Too bad he had to go and die from skin cancer in his early 50s!!!!
Actually, Cary Grant died of a cerebral hemorrhage at the ripe old age of 82 but if that hadn't gotten him skin cancer surely would have, because he existed in a primordial backwards era when people didn't use sunscreen. It is hard to imagine such things in our enlightened age but yes it is really true. Men also wore a suit and tie whilst swimming (women weren't supposed to swim at all), and everyone drove giant convertibles without seat belts. It was a barbaric age to say the least.
Fortunately, we now have sunscreen. Thanks to technology, we can go on vacation and lay in the sun all day long even if lily white, and we will be protected from the Sun's death rays by SPF 5000. SPF stands for Sun death ray Protection Factor. So how's that working out?
Not so great.
Since 1972, rates of malignant melanoma have roughly doubled for women and tripled for men.
The current party line of the medical establishment is that no one should ever go out in the sun without sunscreen. Ever! There's the question of vitamin D, and the party line is, don't worry about vitamin D, just avoid the sun at all costs, ok maybe take a pill or something and make sure to eat right and of course DON'T EXPOSE YOURSELF TO THE SUN EVER WITHOUT SUNBLOCK!
Here's a typical quote from Barbara Gilchrest, a dermatologist writing in the American Journal of Clinical Nutrition:
A neglected but critical point is that the true, optimal level of 25(OH)D for musculoskeletal health, cancer prevention, or any of the other claimed benefits is irrelevant to the proven value of sun protection. Whatever this optimal level, ample vitamin D can be obtained from diet, supplements, and incidental sun exposure (45–48). Intentional unprotected sun exposure to increase vitamin D photosynthesis is not only unnecessary but also inefficient for populations at highest risk of vitamin D deficiency (29-31).The proven value of sun protection? Have you seen the graph, lady? The aisles of drugstores are crammed with sunblock nowadays and malignant melanoma has tripled since '72 for men. Tripled!! Here's a chart from the American Cancer Society.
1/1500 back in 1935 and now 1/75? Didn't more people actually spend time working in the sun back then? Sure there are confounding factors, like increased lifespan, but come on, that's an insane rise. Some of it could be attributed to an increase in leisure time. Certainly more people play golf these days. But it still is an insane rise. Especially since the American Academy of Dermatology has been pushing sunblock for years, they even have a picture of SPF 50 on their front page. Not to mention the tanning tax.
It's almost as if the harder the so-called experts push something like sunblock the worse the results in the general population. The experts push harder, the general public worsens, so who is to blame? The general public for being lazy and self-indulgent, of course. Sound familiar?
What's going on here?
The medical literature is mixed, mostly because they often compare apples and oranges. There's this study, for example, that shows that SPF corresponded to a delay of skin tumors in mice, although, "almost all of the UV-irradiated mice developed skin tumors". Do mice need sunlight like humans? Are they evolved to be exposed to sunlight? Last I heard, mice are nocturnal, they are covered in fur and they produce their own vitamin D.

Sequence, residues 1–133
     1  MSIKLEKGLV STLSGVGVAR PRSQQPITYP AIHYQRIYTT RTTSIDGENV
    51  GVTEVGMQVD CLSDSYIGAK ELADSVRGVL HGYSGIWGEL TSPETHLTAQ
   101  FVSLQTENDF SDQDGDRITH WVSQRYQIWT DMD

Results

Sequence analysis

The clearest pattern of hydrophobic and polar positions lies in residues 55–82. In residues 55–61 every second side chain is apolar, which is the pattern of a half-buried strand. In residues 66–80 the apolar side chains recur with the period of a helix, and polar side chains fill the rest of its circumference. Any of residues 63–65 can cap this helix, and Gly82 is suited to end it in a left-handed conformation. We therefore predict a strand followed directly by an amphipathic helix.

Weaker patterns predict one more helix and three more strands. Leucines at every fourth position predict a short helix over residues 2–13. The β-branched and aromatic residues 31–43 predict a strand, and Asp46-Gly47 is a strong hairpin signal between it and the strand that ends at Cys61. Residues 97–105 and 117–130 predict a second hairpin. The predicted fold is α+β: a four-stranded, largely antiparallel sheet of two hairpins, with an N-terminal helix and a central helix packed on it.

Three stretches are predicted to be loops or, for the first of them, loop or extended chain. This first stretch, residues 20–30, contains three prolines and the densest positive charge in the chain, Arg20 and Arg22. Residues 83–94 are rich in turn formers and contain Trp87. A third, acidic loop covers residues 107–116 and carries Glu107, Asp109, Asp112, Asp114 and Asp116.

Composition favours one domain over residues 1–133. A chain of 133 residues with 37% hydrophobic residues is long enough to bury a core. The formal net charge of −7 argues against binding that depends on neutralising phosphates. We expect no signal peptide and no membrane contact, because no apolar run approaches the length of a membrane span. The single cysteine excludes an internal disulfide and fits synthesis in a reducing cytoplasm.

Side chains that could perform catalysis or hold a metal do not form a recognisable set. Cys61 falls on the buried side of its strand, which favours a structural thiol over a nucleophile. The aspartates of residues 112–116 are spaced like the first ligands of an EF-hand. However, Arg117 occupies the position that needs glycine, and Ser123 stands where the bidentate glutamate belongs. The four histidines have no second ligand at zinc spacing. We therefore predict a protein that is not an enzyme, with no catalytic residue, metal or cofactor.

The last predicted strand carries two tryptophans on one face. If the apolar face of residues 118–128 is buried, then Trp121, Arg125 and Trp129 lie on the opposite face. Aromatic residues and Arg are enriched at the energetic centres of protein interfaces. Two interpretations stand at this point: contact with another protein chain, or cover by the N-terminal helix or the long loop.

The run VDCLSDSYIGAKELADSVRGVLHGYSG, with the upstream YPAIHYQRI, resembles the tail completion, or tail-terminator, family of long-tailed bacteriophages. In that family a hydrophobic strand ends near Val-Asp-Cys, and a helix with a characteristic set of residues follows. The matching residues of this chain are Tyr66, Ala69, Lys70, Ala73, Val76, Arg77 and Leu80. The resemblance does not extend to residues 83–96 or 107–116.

This Swedish study compared people who always use and never use sunscreen. What is really interesting is the people who always used sunscreen but still got burned were at a 60% higher risk than the never users, but the people who always used sunscreen but never got burned were at a 120% higher risk. I suspect that the people who never got burned were using stronger sunblock and spending more time in the sun. Or they were just lying. The study mentions that the never use sunscreeners were exposed to less sun and that brings us to the heart of the matter.
One problem with sunscreen is that has a Peltzman effect. When risky behavior gets perceived as safer, people tend to engage in more of it and offset the added safety. People will bake themselves on vacations but use plenty of sunblock. If they didn't have the sunblock they wouldn't be able to lay in the sun for eight hours and enjoy their two weeks in Acapulco, but thanks to the wonders of modern technology they are safe, right? Wrong.
Then there's the that fact that sunblock is composed of a bunch of crazy chemicals and it get's absorbed, up to 10 percent of it through the skin. Yummy. Yeah, it's not just nicotine patches that absorb through the skin. So don't put anything on your skin you wouldn't want to put in your mouth.
And perhaps the biggest problem with sunscreen is that it blocks production of vitamin D in by the body in quantities that it sees fit, along with five to ten other chemicals according to Dr. Michael Holick.
Getting some sun seems to be hardwired into us and this makes sense given that we need the sunlight to make vitamin D and perhaps some other chemicals. But our ancestors didn't have the ability to transport themselves to a sunny clime for a couple after spending the whole year inside their cave making wall paintings. They were out in the sunlight every day, hunting and gathering, gathering and hunting, and later on farming and herding. Modern living pretty much makes that impossible but we can try and make up for it as much as possible. Eat lunch outside, get some sun on the weekends. If you are dark skinned and live in a temperate cloudy place, you need to try even harder. The important thing is consistency not duration. Sunburns are a bad, bad thing and should be avoided at all costs.